Delegation is an important part of the ministry of Elders. They neither need nor ought to do all things. In our day and age much of worship planning has been delegated. It was in the past too. In the past it was delegated to ministers and organists and synodical committees (who developed liturgies and hymnbooks). Today most of worship is the responsibility of committees, teams, volunteer or paid staff. They arrange the worship service.
When Council delegates responsibility, it also grants authority to those who do the work. It is important to recognize that that work becomes difficult and unpleasant if we have all the responsibility but need to seek approval for everything we wish to do. If every time we write a litany, council needs to approve the litany, we will stop writing litanies. If every new song needs to be approved by council, we will stop bringing new songs forward. The task becomes onerous. Our competence and judgment is being questioned. Delegation means giving responsibility and authority to a person or committee.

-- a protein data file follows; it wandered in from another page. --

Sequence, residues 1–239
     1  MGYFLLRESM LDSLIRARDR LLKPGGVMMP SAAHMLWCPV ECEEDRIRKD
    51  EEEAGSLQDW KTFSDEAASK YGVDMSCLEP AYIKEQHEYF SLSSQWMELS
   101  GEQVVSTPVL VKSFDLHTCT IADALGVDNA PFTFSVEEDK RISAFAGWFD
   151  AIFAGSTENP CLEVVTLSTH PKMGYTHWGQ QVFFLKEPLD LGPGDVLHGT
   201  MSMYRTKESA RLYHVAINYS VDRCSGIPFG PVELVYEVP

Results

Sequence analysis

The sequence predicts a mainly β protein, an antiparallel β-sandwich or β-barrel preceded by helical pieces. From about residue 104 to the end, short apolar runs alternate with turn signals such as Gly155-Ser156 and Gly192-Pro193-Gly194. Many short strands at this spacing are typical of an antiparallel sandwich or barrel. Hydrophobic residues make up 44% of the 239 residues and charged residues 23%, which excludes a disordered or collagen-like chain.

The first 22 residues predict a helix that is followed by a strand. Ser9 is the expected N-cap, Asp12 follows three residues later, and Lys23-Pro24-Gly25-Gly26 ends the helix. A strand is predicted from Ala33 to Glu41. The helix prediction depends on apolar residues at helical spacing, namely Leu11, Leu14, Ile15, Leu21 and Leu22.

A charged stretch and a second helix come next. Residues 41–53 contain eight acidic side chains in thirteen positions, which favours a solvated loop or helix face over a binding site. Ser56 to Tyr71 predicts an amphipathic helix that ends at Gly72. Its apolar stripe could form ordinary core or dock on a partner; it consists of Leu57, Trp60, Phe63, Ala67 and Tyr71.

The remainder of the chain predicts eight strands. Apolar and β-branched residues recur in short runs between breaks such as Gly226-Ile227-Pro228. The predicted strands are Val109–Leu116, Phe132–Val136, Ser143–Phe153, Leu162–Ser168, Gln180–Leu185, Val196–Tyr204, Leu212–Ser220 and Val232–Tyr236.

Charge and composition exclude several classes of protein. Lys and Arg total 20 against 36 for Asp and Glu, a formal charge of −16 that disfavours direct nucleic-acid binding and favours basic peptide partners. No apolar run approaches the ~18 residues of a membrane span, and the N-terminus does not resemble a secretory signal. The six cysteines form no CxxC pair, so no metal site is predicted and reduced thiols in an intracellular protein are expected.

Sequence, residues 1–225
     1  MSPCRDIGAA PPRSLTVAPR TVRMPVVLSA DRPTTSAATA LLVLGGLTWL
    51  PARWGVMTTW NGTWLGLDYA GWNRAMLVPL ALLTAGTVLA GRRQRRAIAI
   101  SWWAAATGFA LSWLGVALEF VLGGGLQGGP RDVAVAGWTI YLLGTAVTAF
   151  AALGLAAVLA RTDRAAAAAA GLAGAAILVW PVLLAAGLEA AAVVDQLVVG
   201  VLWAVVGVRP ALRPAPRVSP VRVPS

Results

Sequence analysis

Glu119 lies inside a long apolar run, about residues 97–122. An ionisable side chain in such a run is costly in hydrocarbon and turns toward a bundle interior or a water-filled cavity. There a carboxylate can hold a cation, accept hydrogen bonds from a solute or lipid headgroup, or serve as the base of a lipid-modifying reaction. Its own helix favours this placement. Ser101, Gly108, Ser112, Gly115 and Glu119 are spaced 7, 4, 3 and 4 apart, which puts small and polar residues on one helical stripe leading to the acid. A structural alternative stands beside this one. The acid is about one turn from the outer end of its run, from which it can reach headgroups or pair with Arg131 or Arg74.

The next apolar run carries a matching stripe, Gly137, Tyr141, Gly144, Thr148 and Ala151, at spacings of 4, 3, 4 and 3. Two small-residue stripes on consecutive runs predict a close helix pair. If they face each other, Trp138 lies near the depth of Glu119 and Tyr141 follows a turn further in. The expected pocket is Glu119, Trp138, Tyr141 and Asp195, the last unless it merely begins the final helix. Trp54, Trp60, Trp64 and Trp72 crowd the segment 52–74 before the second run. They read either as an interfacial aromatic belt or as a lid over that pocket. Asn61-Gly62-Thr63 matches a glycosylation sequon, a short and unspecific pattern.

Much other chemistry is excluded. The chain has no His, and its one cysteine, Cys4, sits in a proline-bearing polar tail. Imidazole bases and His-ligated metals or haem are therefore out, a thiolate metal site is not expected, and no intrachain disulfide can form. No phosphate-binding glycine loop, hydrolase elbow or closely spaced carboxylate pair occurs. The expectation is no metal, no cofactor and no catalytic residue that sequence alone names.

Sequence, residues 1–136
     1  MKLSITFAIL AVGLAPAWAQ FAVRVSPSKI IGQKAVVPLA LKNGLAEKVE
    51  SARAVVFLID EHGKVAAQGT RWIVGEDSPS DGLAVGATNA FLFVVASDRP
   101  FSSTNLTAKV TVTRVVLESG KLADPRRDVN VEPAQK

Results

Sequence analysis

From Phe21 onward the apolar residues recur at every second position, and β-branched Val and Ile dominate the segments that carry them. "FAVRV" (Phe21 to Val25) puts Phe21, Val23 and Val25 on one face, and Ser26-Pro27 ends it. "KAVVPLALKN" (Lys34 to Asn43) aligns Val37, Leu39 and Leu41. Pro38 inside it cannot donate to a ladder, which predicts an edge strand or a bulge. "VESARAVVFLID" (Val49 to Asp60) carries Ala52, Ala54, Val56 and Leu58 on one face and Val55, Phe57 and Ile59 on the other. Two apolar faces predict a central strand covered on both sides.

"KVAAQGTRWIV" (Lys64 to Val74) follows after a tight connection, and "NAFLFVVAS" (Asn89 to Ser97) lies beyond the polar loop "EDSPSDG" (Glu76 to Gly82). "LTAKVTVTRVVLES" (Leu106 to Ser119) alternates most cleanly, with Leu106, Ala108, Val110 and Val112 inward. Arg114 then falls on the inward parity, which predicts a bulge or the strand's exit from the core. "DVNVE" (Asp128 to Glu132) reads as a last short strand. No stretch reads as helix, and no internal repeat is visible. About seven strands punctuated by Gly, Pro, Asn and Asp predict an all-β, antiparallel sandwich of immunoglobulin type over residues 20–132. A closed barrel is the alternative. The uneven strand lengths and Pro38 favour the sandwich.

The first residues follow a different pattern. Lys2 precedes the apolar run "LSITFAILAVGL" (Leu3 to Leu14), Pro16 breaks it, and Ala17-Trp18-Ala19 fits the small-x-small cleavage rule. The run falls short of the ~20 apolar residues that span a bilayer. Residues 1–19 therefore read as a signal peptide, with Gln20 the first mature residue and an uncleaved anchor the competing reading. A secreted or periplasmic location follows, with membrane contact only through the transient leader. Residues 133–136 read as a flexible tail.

Delegation also means holding people to account. Council needs to have practices of accountability. The question for council is how do we review the work being done in the life of the church in a way which guides, blesses and encourages the members who have given so much to the life of the community.
In order to govern well, we need the competence to do so. Some of this simply comes from the ordinary life in the church. We know people and sense their needs and concerns. But in other areas we need to develop our abilities. We desire that we are faithful to the gospel in our liturgies and our songs. But to judge this requires some theological competence. How can we hold those to whom we give responsibility accountable if we lack the competence to judge?
I believe we need to think about this as well. There is a difference between saying that I liked a worship service and whether the words of the liturgy were theological correct. Elders are invited to make judgments not just about whether we liked the worship on a Sunday but also about the biblical and theological integrity of the worship service. This requires developing a Biblical and theological sensitivity. It requires an understanding of what makes worship good. This should not just be delegated to the pastor. Elders need to develop this sensitivity as well. This competence makes the task of governance and accountability more meaningful in the life of the congregation.